Philadelphia Inquirer - March 27, 1980
It’s baseball’s double bind
By Frank Dolson, Inquirer Sports Editor
CLEARWATER, Fla. – The day Marvin was here," Greg Luzinski said, "that was the toughest day in camp."
The Phillies' leftfielder wasn't talking about some guy with a wicked slider who could put it at the knees on the outside corner. He was talking about Marvin Miller, the labor expert who has directed the Players Association to its present position of dominance in baseball.
The day Miller was here was tough for Luzinski because it was the day he had to forget, at least for a while, about playing the game and remember instead the possibility that big league players would be carrying picket signs instead of bats in the near future. Even though they have voted overwhelmingly to authorize a strike, the men who play baseball for a living don't like to think about that. "It was very depressing hearing all the explanations that day," Luzinski said, "and thinking, 'I might be sitting for a month. I might be sweating down here and going through all this for literally nothing.' That's the bad part."
"Pete (Rose) looks at it another way," Larry Bowa said. "He comes up with a line a day. He says, 'They're doing everything to stop me from breaking Ty Cobb's (total hit) record.'"
No surprise. Some players figure out how much a strike will cost them in dollars per day. Rose figures out how much a strike will cost him in hits per day.
You won't find many players down here who want to strike, but they're prepared to do it, no matter what the owners think, and no matter how strongly public opinion is likely to run against them.
"God, I hope there's no strike" might be the most-repeated sentiment heard in clubhouses, in dugouts, around batting cages this spring. But don't be misled.
The same players who say that also recognize and appreciate the job Marvin Miller has done for them. Greg Luzinski may have found it difficult to sit in a clubhouse during spring training and pay attention to labor talk, but he's a Miller man, too. They almost all are.
"Marvin's done a helluva job," was how Luzinski put it. "He got us to a certain point, and then the owners went overboard – outbidding each other because they're greedy. They want winners. I think Pete (Rose) hit it right on the head. He said, 'I was going to Philadelphia in the first place (as a free agent), but then I saw these offers coming in (from other clubs) and it was blowing my mind.'"
OK, some say the players are greedy, others say the owners are greedy. But whether you side with the players or the owners – or neither – the situation is approaching the critical stage. Not critical, mind you, because the country can't stand a spring without baseball. It's critical because those of us who love baseball wonder whether the game can retain its position, its booming popularity in the event of even a short-lived strike.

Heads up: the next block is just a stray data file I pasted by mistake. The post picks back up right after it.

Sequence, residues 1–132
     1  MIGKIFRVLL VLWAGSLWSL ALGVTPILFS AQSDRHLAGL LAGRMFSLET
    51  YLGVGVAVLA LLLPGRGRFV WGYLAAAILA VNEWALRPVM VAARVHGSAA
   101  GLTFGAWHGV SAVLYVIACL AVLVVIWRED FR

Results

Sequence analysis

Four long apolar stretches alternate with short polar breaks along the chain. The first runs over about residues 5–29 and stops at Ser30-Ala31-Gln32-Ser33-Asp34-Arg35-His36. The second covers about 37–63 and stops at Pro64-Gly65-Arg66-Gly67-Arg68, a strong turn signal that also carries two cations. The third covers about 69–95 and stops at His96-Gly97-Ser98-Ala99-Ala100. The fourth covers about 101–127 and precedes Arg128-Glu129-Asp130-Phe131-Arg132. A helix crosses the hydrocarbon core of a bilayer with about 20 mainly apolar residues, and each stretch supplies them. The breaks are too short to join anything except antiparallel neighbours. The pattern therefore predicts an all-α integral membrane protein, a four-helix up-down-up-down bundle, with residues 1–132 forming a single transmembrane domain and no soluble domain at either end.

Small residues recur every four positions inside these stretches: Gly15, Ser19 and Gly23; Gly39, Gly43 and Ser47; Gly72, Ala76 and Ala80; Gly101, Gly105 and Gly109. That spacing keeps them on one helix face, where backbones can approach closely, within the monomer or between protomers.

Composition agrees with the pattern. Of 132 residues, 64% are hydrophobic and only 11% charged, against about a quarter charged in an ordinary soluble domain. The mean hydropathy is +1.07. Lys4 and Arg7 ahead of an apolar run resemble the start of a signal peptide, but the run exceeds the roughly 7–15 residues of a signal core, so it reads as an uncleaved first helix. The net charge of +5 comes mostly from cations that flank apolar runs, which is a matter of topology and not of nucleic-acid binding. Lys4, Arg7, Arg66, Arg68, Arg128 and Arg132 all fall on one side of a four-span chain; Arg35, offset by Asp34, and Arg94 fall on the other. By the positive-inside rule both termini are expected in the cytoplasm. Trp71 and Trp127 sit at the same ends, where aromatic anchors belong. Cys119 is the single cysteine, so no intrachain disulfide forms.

We can only hope that the people who run the game, the people who own the clubs and the people who play for those clubs are equally concerned about that aspect of it, too.
Surely, some of them are.
Take Danny Ozark, who has spent nearly four decades in the game.
"I think a strike without question would be a turning point in baseball," Ozark, now a Dodger coach, said the other day.
"The thing what hurts, everybody is thinking about this year. They're not thinking about next year and the following year....
"I think there are players on that club (the Phillies) that are concerned about baseball. And there are players on this club (Dodgers). But those players may be getting a little old. They're going to be out of the game pretty soon ... I don't like what's going on."
He meant either way – on the players' side, on the owners' side. He doesn't like the attitudes of some of the players, and he doesn't like the long-term, no-trade, guaranteed contracts that helped mold those attitudes.
"You can't send a guy out, you can't trade him; things like that bother me " Ozark said. "But once the game starts, I enjoy it as much as I ever did."
We all do. The question is: When will the game start?
Schmidt puts on a home-run show
By Jayson Stark, Inquirer Staff Writer
ST. PETERSBURG, Fla. – Mike Schmidt mashed a home run yesterday that traveled considerably farther than the Wright Brothers' first flight.
That was in the first inning of the Phillies' 9-8 exhibition victory over the Mets. An inning later, Schmidt jacked a change-up past the scoreboard in left for another homer.
Four innings after that, he knocked in his sixth run of the day with a sacrifice fly.
And two hours after that, he was stepping aboard the bus back to Clearwater with a spring batting average of.480, 11 RBIs in eight games, four homers, nine runs scored and all the makings of an official Mike Schmidt Offensive Reign of Terror.
It certainly has made for fun watching. But all that and $1.30 still gets Schmidt a gallon of unleaded. He still needs 60 homers this season to catch Babe Ruth. It has been a spring even Roger Freed would be proud to call great. But it still is just a spring, which means its import – to Mike Schmidt, anyhow – is zero.
"I've had the best spring in the world and had a bad year," Schmidt said, in what has become an annual March speech. "I've had mediocre springs and had a great year. I've had horse-manure springs and had my best year ever.
"Down here all I want to do is get mentally and physically ready. Statistics mean nothing, and I've said that in springs when I hit.050."
Somewhere in Metsland, a guy named Juan Berenguer wishes this were one of those springs when Schmidt hit.050. Berenguer was the unfortunate person who was the Mets' starting pitcher yesterday.
Berenguer, whose brother plays in the Phillies chain, is one of those classic burners, a guy whose fastball is legitimately 100 m.p.h. People say only Nolan Ryan throws faster.